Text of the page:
*Don’t run anything heavier than a typical riding lawnmower over your septic components. If possible, let the yard dry over the components before mowing to minimize any compaction. A big John Deere, capable of pulling a 2 shank subsoiler, (outfitted with a bush hog instead of the subsoiler) is not a typical riding mower.

*Thinking of landscaping? I’ve seen systems destroyed by site preparation for grassing/sodding and the planting of shrubs/trees. Proceed carefully; be careful when installing irrigation lines. Be particular.

*IT'S NEVER A GOOD IDEA TO PLANT A WILLOW TREE ON YOUR LOT IF YOU HAVE A SEPTIC SYSTEM. Discourage your next door neighbors from doing so if possible. Remember, ultimately it is their property.

*Always do a utility locate before digging. Please!

*Septic drainfields come in either conventional or alternative products. The conventional (gravel or tire chip aggregate) is a robust system. I've seen some gravel systems last 30 years for a family of 3 with a 3 bedroom system. The other type of septic drainfield is the alternative system. These are typically chamber or EZ Lay or EZ Flow products. Some homes may have a dripper system or low pressure bed or mound system. If the house was built after 04/2006 in GA the alternative system has become more robust. I've seen some alternative systems struggle with larger families, high water users, and hour + long shower users. Too much detail to go into for now.

*Drainfield lines are not resistant to utility cuts when the gas, electric, cable, or phone companies install their lines. Be careful here. Again, I've seen good systems underutilized by utility severances. They can be adequately repaired by some "by pass" surgery if you have a good septic repair person. On the flip side, a lot of septic installers would rather install you a new field rather than do the "by pass" surgery. You may buy a home on a septic system and not know you have this problem. One way to see is get a septic drawing for the home and call for a utility locate. From there you can see where the gas, electric, phone, and cable lines are relative to the septic lines and maybe guess if you might have a problem. Sometimes the septic components are installed before the utilities. Some builders are not proficient enough to make sure no damage is done. The severance possibility is dependent upon the install depth, which is available on the septic inspection. The shallower the system, the greater the possibility of severance. Some systems are now shallower due to better percolation rates and the increased availability of oxygen.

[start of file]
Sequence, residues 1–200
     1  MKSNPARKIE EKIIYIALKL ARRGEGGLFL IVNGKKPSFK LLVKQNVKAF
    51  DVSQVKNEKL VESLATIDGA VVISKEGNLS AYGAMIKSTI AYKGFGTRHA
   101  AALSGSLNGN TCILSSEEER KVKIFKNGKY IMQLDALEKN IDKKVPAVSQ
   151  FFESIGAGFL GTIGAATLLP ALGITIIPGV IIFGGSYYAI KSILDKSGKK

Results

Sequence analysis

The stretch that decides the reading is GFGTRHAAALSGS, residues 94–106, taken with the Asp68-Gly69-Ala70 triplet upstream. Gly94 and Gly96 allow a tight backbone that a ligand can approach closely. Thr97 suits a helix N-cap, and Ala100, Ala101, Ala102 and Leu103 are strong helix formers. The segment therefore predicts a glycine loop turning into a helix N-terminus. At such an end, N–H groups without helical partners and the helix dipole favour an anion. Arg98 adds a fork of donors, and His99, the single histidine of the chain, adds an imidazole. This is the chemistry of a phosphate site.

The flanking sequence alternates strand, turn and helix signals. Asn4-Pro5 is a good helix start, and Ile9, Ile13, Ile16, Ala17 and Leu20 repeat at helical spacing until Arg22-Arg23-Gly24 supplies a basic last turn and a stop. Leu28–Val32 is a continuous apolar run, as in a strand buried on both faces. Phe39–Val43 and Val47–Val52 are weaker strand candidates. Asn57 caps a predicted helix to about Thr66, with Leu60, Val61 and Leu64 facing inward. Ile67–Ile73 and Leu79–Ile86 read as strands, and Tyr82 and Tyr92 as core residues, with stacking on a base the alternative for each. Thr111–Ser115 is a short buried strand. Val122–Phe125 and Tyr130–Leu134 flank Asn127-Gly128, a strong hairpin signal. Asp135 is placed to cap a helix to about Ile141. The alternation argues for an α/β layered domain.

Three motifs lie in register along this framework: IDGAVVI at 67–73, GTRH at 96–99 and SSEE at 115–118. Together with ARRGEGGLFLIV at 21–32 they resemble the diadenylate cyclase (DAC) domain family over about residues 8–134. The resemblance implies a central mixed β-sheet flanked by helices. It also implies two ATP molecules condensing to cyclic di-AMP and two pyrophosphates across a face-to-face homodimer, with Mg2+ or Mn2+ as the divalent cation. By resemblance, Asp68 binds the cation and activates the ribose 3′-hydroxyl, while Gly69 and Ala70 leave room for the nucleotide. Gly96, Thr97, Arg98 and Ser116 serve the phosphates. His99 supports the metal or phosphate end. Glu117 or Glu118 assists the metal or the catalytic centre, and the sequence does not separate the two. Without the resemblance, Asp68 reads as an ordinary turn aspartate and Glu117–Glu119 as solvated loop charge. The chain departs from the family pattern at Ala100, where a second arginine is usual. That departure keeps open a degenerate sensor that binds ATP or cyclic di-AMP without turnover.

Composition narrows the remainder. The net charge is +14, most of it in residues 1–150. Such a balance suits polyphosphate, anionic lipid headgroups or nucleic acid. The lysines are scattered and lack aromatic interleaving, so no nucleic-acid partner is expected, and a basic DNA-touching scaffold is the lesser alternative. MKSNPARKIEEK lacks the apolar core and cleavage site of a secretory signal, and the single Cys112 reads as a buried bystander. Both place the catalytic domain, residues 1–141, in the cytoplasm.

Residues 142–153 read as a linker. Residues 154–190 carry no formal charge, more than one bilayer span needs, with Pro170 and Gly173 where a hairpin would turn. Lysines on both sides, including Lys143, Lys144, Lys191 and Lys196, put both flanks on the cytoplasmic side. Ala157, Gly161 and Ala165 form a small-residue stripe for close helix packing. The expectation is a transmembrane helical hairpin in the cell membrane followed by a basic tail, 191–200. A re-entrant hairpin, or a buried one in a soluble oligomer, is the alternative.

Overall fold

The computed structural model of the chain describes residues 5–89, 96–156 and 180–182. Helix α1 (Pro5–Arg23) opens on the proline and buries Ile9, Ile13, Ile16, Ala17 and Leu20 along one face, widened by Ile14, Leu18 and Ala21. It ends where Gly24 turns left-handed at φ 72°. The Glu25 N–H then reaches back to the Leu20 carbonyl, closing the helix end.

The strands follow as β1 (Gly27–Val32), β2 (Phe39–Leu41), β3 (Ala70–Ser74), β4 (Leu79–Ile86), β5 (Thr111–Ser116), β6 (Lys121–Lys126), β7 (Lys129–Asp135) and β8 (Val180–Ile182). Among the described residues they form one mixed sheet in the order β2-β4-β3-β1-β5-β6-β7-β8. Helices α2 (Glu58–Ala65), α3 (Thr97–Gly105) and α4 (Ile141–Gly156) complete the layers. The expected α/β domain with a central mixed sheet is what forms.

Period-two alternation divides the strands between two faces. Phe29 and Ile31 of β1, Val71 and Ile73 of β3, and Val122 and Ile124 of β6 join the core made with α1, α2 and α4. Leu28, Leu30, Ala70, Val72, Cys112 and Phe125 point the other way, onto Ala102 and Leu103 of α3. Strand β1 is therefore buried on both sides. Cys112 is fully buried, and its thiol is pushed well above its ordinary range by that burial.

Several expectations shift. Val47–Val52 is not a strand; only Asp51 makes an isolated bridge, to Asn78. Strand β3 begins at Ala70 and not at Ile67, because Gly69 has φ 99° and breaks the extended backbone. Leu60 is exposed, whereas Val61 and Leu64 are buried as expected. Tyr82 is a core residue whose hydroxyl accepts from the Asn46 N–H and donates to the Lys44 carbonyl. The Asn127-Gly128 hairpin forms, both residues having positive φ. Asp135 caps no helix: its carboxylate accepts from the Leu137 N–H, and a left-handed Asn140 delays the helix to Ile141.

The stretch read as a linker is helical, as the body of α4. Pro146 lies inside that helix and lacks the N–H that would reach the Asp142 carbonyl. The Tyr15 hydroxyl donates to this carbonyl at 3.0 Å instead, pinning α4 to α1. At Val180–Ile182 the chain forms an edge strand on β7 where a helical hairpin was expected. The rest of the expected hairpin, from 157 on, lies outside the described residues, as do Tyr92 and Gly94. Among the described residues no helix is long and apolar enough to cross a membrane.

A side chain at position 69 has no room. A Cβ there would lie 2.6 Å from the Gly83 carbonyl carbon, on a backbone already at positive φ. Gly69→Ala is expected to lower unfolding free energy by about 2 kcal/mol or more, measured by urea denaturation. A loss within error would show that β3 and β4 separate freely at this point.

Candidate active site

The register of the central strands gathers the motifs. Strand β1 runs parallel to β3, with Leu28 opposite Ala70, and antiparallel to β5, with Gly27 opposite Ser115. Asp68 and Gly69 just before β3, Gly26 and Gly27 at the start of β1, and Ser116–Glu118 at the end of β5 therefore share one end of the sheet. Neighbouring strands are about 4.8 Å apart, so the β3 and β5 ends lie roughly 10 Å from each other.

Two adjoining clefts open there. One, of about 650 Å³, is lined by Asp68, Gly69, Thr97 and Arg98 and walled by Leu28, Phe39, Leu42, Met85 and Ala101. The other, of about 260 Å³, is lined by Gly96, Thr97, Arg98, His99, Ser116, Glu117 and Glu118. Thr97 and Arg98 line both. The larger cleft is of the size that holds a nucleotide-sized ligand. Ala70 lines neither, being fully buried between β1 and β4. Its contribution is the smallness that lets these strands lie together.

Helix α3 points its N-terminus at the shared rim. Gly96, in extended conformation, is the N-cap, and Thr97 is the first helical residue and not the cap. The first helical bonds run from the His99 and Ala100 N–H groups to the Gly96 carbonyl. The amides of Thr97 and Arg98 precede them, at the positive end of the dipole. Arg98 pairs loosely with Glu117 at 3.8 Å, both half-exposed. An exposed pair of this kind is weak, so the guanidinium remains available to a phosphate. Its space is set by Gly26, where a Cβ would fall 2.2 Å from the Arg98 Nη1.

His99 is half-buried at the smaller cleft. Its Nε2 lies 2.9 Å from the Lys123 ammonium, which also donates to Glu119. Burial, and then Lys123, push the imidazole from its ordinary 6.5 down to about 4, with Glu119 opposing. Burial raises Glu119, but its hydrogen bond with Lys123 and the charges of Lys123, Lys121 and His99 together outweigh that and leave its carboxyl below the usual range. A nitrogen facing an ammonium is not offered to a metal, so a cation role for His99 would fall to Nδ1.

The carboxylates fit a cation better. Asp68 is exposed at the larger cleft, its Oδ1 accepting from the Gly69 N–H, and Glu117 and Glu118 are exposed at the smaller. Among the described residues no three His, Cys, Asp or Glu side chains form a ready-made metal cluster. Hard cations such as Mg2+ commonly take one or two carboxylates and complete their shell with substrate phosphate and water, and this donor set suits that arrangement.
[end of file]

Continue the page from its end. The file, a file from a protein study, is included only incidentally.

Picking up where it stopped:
*I've noticed the utility company contractors who are paid by the foot would rather go from the front yard then through the backyard to get to the other side of the home. It seems more logical to make a "bee line" from the roadside to the side of the home but it doesn't always work that way.

*Some counties have required utilities to be routed in separate conduits, minimizing drainfield line severance.